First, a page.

Coming off a six-game series victory against the Montreal Canadiens, the Philadelphia Flyers face their gravest challenge. Of all the teams making up the Eastern Conference in the 2020 Stanley Cup playoffs, the New York Islanders are the most dangerous. Through the 2019-2020 regular season, the Flyers are without a win against the Islanders. They are the only team Philadelphia has not been able to defeat. The Tampa Bay Lightning were also undefeated against the Flyers in the regular season but lost to Philadelphia in the round-robin.
Jakub Voracek, the Philadelphia Flyers leading scorer this postseason, would be third in scoring on the New York Islanders. Only three of the Flyers top-five scorers (Kevin Hayes, Scott Laughton, and Sean Couturier) have played nine games, which is the standard through all of the Islanders top-five forwards. On paper, New York’s forwards have been better this postseason. After winning their series, 4-1, the Islanders had a plus-9 goal differential. Philadelphia won their series, 4-2, with a minus-two goal differential.
The Philadelphia Flyers need to play defensive series. That is their key to solving the New York Islanders. If the Flyers decide to play a lax style of defense and rely on their forwards, they will trend in a losing direction. What worked against the Montreal Canadiens likely will not against the Islanders. Alain Vigneault may have to shuffle his approach to solve this New York mystery.
Original First Line Forwards
Shutting down the opposition’s first line is very important to the success of the Philadelphia Flyers in the postseason. That is what the original lineup of the Flyers first line (Claude Giroux, Sean Couturier, and Jakub Voracek) do best. The forecheck and the defense that line provides will stunt the productivity of the New York Islanders’ first line. It is a requirement that forechecking is the top priority, especially to contain Matthew Barzal.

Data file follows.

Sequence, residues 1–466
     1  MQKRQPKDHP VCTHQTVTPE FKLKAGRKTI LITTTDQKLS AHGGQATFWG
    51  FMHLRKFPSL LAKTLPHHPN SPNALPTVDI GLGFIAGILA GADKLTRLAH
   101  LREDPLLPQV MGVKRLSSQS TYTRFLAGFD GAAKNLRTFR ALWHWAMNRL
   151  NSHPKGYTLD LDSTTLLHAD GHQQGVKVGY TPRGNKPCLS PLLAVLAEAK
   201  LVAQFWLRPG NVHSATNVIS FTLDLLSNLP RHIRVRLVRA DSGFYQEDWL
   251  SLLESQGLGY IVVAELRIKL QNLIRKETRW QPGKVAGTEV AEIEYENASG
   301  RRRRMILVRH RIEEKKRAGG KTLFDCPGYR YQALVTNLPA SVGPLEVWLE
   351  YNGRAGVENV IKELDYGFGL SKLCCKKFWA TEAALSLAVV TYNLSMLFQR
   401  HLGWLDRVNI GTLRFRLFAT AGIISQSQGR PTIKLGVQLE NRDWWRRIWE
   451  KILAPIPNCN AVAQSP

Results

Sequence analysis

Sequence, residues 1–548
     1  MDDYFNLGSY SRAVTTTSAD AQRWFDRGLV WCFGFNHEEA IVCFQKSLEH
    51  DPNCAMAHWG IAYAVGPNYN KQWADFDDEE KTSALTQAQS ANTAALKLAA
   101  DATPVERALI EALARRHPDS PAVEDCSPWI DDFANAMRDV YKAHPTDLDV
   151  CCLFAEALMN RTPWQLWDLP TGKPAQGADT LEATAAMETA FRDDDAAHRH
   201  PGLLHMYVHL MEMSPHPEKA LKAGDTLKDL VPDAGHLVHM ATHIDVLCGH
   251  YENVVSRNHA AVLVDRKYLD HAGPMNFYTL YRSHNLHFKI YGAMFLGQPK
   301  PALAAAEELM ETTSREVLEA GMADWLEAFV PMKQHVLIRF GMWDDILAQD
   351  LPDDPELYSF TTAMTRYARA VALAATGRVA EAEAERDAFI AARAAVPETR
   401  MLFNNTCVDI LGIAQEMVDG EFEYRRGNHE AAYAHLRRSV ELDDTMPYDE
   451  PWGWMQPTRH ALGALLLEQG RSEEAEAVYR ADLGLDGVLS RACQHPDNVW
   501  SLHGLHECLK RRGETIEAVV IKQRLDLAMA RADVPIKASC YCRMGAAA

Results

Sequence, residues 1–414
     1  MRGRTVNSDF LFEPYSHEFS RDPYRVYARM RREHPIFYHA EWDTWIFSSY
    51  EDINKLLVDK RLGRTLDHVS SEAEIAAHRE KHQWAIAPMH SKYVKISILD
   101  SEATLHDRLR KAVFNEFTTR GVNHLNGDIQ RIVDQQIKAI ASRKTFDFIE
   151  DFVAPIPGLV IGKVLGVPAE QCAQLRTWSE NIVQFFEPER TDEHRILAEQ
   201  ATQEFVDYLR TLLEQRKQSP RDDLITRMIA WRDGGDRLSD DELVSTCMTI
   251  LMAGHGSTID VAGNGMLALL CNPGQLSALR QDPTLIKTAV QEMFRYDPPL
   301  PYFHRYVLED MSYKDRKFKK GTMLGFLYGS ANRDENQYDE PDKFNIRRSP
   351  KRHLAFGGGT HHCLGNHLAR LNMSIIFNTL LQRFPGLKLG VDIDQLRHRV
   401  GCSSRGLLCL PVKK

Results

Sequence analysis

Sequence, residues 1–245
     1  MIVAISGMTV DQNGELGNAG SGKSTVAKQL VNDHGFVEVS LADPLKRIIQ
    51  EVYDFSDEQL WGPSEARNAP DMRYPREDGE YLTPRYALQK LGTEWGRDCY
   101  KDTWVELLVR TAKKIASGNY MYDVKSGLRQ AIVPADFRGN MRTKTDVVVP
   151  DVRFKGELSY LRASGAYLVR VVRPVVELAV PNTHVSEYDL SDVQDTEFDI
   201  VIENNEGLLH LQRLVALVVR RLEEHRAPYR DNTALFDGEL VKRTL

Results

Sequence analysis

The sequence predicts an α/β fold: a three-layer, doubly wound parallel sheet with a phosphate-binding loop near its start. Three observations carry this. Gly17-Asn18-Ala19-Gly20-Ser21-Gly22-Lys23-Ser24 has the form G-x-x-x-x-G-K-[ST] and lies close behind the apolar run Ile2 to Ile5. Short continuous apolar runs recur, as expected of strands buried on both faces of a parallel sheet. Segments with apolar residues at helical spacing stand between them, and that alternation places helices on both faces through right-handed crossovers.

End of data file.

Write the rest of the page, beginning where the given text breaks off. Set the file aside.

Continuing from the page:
Urgent Second Line Forwards
Even more important than limiting the first line of the New York Islanders is shadowing their second line. Their second line (Anthony Beauvillier, Brock Nelson, and Josh Bailey) accounts for 26 points scored in five games against the Washington Capitals. The Philadelphia Flyers ought to consider going back to their original second line (Scott Laughton, Kevin Hayes, and Travis Konecny) to begin this series. Joel Farabee would trade back to the third line in place of Laughton. While Farabee is top-five in scoring for the Flyers this postseason, Laughton is better defensively and has showcased his ability to score in the round-robin.
Bottom Six Speed
Speaking of Joel Farabee, he still plays a vital role against the New York Islanders. The name of the game for the Islanders forwards is speed. Farabee, on the third line with Michael Raffl on the opposite wing, would work. On the fourth line, Nate Thompson’s time is up. If Nicolas Aube-Kubel is healthy, replace Thompson with James van Riemsdyk, then keep Tyler Pitlick on the right-wing.
Shuffling the defensive lines gets dicey. The worst thing that the Philadelphia Flyers could do is move Philippe Myers and Travis Sanheim around the lineup. Shayne Gostisbehere thrived with Ivan Provorov on the first line, but it is tough to imagine Matt Niskanen demoted to the third line with Robert Hagg. If all of this played out, it would not be the worst idea to experiment with in game one of this series. After the Eastern Conference Quarterfinals, the odd man out could be Justin Braun if Gostisbehere won Alain Vigneault over.
During the Eastern Conference Quarterfinal series against the Montreal Canadiens, the Canadiens averaged five penalties a game. The Philadelphia Flyers only scored four powerplay goals. The Flyers must find a way to convert more than 10.3% of powerplay opportunities. Their counterparts, the New York Islanders, are only scoring on 15.8% of powerplay opportunities.
On the penalty kill, the Philadelphia Flyers maintain an advantage. The Flyers eliminate 80.7% of the opposing teams’ powerplay chances. The New York Islanders wipe away 75% of their opponents’ powerplays. Overall, the special teams match evenly.